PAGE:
Questions and answers

Bonner County Commissioner candidate Butch Horton on the issues

By Lyndsie Kiebert
Reader Staff

Sandpoint Reader: What is a specific challenge you see Bonner County facing in the coming year? How might you face that challenge?

Butch Horton: Responding to the economic downturn in relation to the COVID-19 pandemic will certainly take front row. I would face the challenge by exploring new and deepening old relationships with all stakeholders in this county. That is key to the economic progress that will surely come. We must remember that it is timber and agriculture that built this county, as well as this state. To borrow a statement from BCEDC [Bonner County Economic Development Corporation], “A community is defined by the people who plant their roots in an area, build businesses, take risks and transform ideas into realities.”

Butch Horton.

SR: Over the past year, the largest story to come out of the county was undoubtedly the lawsuit initiated by Bonner County against the city regarding The Festival at Sandpoint’s policy banning weapons from War Memorial Field. Records show that spending on the lawsuit between both municipalities has topped $100,000, to date. There are many in the community questioning whether this spending is justified — especially at a time when economic stability for the region has been negatively impacted by the coronavirus pandemic. What is your opinion on the lawsuit?

BH: As I have stated before, I am a supporter of the Second Amendment. Having said that, I personally believe that the county could have done more to move away from litigation. One hundred thousand dollars, to date? I’m not a lawyer but I’m not sure the county should have sued on behalf of a citizen. Commissioner [Steve] Bradshaw stated that he spearheaded the suit on behalf of Sandpoint police officers. What concerns me most going forward is that officials are concerned now that this situation has the potential to devolve into a scenario not unlike the deadly clash at a Unite the Right rally in Charlottesville, Va., in 2017.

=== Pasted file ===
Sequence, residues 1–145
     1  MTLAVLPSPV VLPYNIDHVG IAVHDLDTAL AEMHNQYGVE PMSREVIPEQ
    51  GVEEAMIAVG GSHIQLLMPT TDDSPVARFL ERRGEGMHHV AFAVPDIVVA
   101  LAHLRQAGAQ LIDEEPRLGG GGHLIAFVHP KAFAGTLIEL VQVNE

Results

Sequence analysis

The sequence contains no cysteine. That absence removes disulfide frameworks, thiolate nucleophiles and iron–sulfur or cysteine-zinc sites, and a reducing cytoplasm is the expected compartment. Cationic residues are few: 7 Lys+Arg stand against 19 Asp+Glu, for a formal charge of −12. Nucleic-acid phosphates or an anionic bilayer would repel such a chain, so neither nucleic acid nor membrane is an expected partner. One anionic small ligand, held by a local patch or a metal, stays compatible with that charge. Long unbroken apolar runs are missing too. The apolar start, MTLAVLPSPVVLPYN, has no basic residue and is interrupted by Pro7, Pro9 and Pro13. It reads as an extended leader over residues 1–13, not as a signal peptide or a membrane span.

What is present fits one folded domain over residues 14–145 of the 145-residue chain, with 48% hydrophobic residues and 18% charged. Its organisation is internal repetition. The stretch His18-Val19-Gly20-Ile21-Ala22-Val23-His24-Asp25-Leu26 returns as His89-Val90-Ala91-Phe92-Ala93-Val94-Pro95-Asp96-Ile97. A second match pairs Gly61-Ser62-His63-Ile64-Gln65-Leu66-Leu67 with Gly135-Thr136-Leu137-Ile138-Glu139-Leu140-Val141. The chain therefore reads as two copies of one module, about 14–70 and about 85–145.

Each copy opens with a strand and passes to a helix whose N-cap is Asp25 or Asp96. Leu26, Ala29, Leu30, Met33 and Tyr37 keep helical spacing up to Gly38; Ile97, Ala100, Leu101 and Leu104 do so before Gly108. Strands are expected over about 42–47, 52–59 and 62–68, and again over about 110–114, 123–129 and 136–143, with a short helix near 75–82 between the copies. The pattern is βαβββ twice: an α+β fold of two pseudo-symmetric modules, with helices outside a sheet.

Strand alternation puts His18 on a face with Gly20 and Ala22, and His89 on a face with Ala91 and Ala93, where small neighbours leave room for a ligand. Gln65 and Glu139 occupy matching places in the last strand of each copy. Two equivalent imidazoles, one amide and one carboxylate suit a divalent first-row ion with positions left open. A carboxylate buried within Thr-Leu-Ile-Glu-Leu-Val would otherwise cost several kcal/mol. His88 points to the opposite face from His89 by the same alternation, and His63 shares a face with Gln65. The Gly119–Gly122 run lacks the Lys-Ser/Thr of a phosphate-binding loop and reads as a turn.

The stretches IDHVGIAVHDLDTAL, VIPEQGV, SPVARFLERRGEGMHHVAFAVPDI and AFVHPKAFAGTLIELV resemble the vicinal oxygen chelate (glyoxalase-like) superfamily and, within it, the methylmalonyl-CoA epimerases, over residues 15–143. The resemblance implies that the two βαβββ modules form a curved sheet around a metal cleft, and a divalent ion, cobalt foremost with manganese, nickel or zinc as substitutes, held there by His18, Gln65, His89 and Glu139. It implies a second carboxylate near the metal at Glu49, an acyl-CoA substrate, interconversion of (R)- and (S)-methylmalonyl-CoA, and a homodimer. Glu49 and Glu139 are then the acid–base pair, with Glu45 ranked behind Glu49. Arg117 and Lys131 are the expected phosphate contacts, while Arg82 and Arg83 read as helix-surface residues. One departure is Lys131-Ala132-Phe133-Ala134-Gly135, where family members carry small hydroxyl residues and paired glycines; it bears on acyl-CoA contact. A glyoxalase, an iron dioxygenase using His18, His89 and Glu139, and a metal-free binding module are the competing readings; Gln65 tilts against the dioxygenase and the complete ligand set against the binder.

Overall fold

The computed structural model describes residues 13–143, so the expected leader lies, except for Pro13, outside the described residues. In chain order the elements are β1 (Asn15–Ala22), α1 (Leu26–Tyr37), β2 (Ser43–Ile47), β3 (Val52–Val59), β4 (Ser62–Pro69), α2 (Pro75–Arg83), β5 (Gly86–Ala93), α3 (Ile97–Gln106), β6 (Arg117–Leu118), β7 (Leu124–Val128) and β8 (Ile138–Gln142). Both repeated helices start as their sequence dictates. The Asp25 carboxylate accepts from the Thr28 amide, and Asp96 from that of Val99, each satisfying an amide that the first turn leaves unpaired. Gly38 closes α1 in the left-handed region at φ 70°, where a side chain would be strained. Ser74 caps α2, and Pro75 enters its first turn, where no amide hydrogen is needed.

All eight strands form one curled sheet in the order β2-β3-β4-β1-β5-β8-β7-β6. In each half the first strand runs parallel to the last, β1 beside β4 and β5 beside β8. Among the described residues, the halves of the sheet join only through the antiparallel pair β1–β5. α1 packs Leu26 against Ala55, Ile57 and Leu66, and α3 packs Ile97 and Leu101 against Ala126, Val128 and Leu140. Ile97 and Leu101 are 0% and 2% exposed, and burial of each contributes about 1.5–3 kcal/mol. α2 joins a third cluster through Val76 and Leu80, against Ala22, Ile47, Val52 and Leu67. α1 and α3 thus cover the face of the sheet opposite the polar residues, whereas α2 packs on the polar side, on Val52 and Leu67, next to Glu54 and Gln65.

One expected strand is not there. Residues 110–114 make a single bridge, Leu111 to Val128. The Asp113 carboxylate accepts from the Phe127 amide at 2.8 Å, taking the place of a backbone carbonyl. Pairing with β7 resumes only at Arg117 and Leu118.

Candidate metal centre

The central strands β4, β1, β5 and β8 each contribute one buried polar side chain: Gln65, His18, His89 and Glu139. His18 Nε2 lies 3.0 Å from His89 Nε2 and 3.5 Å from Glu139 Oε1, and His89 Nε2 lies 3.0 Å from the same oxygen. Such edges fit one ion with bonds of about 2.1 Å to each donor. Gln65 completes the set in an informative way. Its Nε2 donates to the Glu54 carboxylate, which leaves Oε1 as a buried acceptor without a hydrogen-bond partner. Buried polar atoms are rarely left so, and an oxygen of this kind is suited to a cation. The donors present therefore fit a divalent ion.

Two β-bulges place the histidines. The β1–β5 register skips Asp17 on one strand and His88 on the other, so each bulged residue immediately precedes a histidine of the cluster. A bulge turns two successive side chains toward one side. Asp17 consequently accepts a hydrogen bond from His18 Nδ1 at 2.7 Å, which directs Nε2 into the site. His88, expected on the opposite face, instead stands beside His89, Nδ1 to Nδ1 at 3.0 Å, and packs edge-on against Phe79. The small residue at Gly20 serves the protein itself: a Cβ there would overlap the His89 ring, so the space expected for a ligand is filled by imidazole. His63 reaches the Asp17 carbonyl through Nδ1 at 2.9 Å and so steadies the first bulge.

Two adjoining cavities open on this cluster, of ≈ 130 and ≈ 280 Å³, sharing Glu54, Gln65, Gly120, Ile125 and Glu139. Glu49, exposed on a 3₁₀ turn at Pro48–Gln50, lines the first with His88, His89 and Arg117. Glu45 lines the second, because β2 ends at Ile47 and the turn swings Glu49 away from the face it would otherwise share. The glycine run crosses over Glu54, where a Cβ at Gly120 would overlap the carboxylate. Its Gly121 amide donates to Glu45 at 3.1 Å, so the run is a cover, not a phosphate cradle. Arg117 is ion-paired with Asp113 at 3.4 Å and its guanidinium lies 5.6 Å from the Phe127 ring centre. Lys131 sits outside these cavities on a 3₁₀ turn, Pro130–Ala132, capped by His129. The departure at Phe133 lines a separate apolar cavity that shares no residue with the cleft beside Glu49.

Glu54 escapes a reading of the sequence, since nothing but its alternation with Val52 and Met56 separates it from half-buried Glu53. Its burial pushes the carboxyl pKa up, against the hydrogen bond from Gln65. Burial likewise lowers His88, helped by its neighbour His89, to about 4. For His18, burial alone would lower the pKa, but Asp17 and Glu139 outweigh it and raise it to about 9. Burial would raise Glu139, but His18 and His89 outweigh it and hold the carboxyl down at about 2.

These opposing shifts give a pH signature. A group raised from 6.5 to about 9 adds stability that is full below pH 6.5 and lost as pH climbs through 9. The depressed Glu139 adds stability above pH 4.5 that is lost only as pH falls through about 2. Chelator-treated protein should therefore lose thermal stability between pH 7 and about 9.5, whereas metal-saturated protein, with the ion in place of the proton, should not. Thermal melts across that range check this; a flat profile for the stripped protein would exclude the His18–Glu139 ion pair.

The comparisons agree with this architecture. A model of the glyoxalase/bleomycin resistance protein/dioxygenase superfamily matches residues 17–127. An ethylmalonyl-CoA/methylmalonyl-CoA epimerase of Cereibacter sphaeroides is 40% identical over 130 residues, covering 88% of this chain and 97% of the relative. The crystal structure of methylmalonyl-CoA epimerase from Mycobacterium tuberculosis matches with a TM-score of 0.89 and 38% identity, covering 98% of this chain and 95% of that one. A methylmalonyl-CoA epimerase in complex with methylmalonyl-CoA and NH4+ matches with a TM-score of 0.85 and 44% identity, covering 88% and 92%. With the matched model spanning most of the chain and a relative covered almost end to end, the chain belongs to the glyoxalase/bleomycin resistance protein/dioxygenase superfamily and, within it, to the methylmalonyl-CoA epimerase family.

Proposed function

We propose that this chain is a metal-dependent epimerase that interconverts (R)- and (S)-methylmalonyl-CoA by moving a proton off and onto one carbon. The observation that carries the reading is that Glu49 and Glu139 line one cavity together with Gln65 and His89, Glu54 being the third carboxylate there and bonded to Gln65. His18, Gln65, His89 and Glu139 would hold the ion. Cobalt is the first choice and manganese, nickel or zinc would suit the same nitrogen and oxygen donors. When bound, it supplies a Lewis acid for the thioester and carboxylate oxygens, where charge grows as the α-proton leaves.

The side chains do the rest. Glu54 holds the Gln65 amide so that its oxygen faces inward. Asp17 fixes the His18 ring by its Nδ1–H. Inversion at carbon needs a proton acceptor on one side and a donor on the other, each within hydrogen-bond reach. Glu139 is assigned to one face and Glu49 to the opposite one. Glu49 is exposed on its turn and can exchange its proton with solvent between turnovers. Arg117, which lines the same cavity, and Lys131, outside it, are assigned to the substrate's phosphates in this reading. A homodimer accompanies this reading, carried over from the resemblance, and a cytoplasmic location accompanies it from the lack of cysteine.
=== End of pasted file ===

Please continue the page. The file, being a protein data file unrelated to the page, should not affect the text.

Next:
SR: The Idaho House and Senate battled during the 2020 session over the issue of how to institute property tax relief for Idahoans — especially in fast-growing counties. What would you, as someone on the “front lines” of the issue as a possible county commissioner, like to see put in place? What policies need to change and why? How would you balance property tax relief with the need for growth to pay for growth?

BH: We are in uncertain times and don’t know what is ahead.  We need to gather good information and make pragmatic decisions for all. I do not think we should be making big political decisions on property taxes right now when we are in the midst of a pandemic crisis. Having said that, I understand the concern right now about property taxes. We need a short-term and a long-term approach. Perhaps we might consider a one-year freeze while the governor and legislative body truly evaluates this problem — beyond just a political fix.

SR: What do you see as the essential “nuts-and-bolts” duties of the commissioners? Do you see identity politics — as opposed to more broad-based, non-ideological approaches — as productive or hindering to progress?

BH: The essential role of the county commissioner is explicit in Idaho state code.Title 31 Chapter 8 of Idaho Code sets out the duties of a county commissioner. First and foremost, it is to assess, collect and manage the collection and disbursement of the taxes you and I pay and the fees assessed by the county. Additionally, to supervise the official conduct of all county officers, appointed boards or commissions charged with assessing, collecting, safekeeping, management or disbursement of public monies and revenues; see that they faithfully perform their duties. Within this I see nothing pertaining to identity politics. It would absolutely hinder the job set forth by the state Idaho, as it so often does here.

Publisher’s Note: Butch Horton is challenging Bonner County Commissioner Steve Bradshaw in the Tuesday, May 19 primary election. The Sandpoint Reader sent Bradshaw several emails asking him to participate in this election profile, but his assistant informed the newspaper that he declined. To see local candidates – including Bradshaw – answer questions at the virtual candidates forum on April 28, visit: 

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